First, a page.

Best of Times
“We’ve never seen anything like this before.” That’s the likely response from most people if you question them about the new technologies, devices and services that have become widely available in the last decade or two. It’s extraordinary. It’s hard to minimize how our lives have changed as a result. A very partial listing confirms this. Cell phones have been a game changer. It was once pure fantasy to believe you could talk to people wherever you or they happened to be – even across the globe. Computers and the internet have made a world of information immediately accessible and have transformed how we shop for goods or services, maintain networks of friends and followers and even search for compatible mates. Rapid and efficient transportation networks speed purchases to our door and make available fresh foods from around the world. Credit card (and soon perhaps bit coins) are replacing cash. “Distant learning” becomes ever more common. Solar energy continues to expand its reach. Drones and robots already employed extensively surely will assume ever greater importance in the coming years. Three D printing, virtual reality, lasers, nanotechnology and biotechnology have already demonstrated their value. And autonomous cars, we are told, are just around the corner. Even this brief account surely makes the case that we are in the midst of astonishing changes that are rapidly altering the way we live. It is impossible, therefore, to believe that anything like this has even happened before, that such a remarkably fruitful era of innovation characterized any comparable period in the past.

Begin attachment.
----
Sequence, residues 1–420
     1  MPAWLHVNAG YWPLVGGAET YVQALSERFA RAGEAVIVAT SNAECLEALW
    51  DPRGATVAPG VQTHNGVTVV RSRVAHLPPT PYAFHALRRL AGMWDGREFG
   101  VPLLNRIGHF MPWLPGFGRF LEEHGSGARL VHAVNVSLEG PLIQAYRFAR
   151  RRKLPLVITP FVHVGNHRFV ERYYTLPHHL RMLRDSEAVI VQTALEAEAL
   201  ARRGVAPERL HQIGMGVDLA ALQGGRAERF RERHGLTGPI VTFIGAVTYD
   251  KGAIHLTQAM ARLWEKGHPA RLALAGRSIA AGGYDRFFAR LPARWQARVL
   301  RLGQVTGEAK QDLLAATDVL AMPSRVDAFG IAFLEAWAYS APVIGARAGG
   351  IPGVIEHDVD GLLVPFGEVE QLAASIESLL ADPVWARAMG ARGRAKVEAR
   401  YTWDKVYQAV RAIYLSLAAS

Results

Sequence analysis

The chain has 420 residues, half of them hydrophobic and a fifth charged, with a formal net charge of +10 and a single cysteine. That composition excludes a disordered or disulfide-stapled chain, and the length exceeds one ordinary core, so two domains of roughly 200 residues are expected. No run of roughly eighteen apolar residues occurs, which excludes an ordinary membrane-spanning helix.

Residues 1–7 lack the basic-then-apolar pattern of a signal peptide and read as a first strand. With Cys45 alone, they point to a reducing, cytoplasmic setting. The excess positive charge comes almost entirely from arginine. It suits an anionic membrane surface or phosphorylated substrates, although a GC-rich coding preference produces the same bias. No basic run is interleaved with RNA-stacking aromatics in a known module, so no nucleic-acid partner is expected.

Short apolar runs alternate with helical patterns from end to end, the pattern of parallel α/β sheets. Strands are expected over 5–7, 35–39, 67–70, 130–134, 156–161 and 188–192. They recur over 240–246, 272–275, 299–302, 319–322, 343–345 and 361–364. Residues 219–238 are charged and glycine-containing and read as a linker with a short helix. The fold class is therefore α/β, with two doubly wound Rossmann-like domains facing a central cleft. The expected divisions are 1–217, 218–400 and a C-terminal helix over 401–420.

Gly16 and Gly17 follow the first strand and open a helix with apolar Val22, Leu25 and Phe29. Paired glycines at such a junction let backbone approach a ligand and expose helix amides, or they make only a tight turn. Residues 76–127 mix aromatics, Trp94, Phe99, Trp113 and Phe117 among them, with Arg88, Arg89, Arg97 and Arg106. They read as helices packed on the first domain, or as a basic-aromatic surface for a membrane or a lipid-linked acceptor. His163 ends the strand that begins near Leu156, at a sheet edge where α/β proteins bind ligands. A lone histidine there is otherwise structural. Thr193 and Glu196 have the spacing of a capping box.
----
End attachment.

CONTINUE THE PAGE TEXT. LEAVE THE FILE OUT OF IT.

Yet a case can be made that there was such a time. The period around the turn of the 20th Century just might qualify. Consider what emerged in that era. Start with the automobile, which began hitting the roads in that first decade. Imagine the impact it had at a time when most local transportation was still dependent upon horse power. For the first time in history individuals could travel by themselves at unprecedented speed to distant destinations. Even more startling and unprecedented was the fact that humans learned to fly. For centuries they’d dreamed about it, experimented with achieving flight. Then the Wright Brothers and others demonstrated that it could be done. Could there be a more remarkable achievement? Back on earth there were other dramatic innovations. Consider the telephone. Voice transmission over greater and greater distances first became commonplace. Social interaction and commerce advanced in ways never before possible. The transmission of electric current spread across city after city along with the incandescent bulb. Homes could now be fully lit, streets illuminated, and a once dim, shadowy world now yielding to the light. Light transmitted through a projector also made possible the advent of motion pictures. Moving images captivated audiences in this period, the start of what would become the most popular form of entertainment the world had ever seen. Personal images made a great leap forward when Kodak began selling the “Brownie” camera for one dollar in 1900. By that time the phonograph, originally invented by Thomas Edison, could be found in many a home.
Did airplanes, automobiles, electric lighting, movies, etc. have as great an effect on peoples’ lives as the current wave of inventions? It makes for a lively discussion. The answer is not all that obvious.